Tuesday, October 5, 2010

The Roger L. Weston Wing at the Art Institute of Chicago

Nishikawa Sukenobu

The Roger L. Weston Wing at the Art Institute of Chicago

The incredible collection of Roger L. Weston takes center stage in the premier exhibition of the newly remodeled Japanese galleries that bear his name. For the first time in recent memory, there’s a roomful of Japanese hanging scrolls and lacquer boxes, mostly made by the top names in 18th and 19th C. Japanese art: Shibata Zeshin, Ogata Korin, Chobunsai Eishi, Nishikawa Sukenobu, and even Utamaro. With 55% more floor space,

there’s also enough room now to show a large selection of tea ceremony ceramics

and ingenious bamboo baskets.

But where did this additional gallery space come from? Unfortunately, these are galleries that recently held Korean ceramics/calligraphy and Chinese painting, so unlike the South Asian, Pre-Columbian, and African displays, the far-eastern collection is not going to benefit from the all the gallery space freed up by the building of the Modern Wing. Most of the Korean ceramics (but none of the calligraphy) have been moved to the small gallery that flanks the entrance to Alsdorf Hall, but all of the Chinese paintings have been taken off view, and will not reappear until the Chinese galleries are remodeled at some unspecified date in the future. And, unhappily, certain questionable changes have been made to the older rooms of Japanese art. In order to make the Ando Gallery feel more accessible, the heavy glass entrance doors were removed, so now it also feels less intimate.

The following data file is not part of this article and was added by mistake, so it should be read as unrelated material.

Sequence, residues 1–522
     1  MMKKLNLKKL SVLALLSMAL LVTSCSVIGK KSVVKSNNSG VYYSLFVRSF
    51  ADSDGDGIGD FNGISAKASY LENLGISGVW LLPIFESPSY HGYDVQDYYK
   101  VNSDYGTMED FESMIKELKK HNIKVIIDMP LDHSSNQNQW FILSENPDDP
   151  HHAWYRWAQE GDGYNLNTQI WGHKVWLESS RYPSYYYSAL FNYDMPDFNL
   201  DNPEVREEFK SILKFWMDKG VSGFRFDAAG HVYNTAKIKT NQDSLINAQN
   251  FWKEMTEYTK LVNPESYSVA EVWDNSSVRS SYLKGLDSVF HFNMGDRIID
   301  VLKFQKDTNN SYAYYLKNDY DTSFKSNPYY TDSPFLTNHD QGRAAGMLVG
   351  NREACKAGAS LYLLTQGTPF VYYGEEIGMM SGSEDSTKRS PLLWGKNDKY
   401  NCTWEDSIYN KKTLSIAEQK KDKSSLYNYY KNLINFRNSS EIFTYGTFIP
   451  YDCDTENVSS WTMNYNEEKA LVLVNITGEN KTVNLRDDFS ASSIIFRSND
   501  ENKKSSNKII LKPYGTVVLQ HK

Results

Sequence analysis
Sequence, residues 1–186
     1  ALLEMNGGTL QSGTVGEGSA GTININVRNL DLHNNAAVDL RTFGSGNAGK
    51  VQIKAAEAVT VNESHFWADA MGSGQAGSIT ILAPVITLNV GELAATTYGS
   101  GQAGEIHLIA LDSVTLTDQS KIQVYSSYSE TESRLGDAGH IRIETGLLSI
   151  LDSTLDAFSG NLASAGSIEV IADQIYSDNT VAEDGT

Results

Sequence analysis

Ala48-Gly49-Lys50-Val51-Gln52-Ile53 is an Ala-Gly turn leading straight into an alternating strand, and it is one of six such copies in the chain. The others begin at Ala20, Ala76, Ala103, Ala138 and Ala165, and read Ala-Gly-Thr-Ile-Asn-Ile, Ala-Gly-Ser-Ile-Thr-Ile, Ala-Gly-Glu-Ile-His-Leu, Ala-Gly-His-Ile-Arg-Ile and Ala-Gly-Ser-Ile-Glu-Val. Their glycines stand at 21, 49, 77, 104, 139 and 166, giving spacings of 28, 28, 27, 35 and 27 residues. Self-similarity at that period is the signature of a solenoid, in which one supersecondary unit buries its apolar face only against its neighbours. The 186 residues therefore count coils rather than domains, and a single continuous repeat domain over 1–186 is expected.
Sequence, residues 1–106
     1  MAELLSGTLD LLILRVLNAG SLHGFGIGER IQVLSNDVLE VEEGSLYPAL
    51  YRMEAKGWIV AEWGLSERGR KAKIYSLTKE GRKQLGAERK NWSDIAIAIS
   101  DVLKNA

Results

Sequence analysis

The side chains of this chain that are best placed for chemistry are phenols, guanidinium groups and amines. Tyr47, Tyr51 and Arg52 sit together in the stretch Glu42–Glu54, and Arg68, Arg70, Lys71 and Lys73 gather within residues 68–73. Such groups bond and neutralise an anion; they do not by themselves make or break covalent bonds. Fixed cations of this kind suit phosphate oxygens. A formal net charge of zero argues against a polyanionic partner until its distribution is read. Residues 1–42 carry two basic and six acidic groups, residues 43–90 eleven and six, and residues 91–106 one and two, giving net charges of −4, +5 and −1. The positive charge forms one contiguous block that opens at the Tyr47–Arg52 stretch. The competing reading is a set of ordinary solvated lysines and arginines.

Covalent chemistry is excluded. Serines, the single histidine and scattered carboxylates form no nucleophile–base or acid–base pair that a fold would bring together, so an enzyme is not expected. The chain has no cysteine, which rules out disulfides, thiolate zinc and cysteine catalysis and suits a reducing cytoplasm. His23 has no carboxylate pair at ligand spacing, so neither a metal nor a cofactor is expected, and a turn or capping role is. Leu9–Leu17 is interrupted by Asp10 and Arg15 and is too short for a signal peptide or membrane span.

But more dramatically, the new display of medieval Buddhist sculpture reminds us just how effective the 1992 design by Cleo Nichols used to be. Fierce guardian figures once flanked the small entrance room that opened up into a dark, quiet chamber, at the center of which a Bodhisattva sat upon a raised platform, protected by a railing instead of a glass box, free to measure and control the space of the entire room, while other Buddhist statuary were dramatically lit within boxes embedded into the surrounding walls. The effect of the whole was spiritual and meditative. Like a Buddhist shrine should be – and it was quite a feat to achieve that using the disparate artifacts at hand; each originating from a different temple, province, cult, and century. Now they feel jumbled together in their glass cases, like ethnographic artifacts on display at the Field Museum. What once felt sacred, now feels clinical. But, thankfully, every museum display is built to be demolished, and we can be sure that in twenty years these rooms will be changed yet again.

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